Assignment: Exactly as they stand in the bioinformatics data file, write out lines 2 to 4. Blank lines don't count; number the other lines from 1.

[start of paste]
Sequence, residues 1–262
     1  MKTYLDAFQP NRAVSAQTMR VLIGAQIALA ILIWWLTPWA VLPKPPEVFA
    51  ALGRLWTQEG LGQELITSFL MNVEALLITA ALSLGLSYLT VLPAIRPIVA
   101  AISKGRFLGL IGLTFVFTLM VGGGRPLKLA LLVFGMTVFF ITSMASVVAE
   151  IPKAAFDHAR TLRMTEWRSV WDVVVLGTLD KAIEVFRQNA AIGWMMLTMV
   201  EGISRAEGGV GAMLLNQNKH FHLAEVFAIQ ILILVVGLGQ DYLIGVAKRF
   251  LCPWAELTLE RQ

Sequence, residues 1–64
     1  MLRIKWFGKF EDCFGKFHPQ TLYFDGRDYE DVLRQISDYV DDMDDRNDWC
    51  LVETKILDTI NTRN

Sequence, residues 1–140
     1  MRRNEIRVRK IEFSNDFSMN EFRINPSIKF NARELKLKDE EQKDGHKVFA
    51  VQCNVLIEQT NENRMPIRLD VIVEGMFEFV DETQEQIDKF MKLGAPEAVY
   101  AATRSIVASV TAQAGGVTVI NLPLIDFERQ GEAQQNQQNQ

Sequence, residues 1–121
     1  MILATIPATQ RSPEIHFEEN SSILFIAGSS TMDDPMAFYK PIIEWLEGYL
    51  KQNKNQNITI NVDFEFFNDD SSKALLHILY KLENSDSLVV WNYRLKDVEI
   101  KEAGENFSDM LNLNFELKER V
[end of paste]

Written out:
     1  MKTYLDAFQP NRAVSAQTMR VLIGAQIALA ILIWWLTPWA VLPKPPEVFA
    51  ALGRLWTQEG LGQELITSFL MNVEALLITA ALSLGLSYLT VLPAIRPIVA
   101  AISKGRFLGL IGLTFVFTLM VGGGRPLKLA LLVFGMTVFF ITSMASVVAE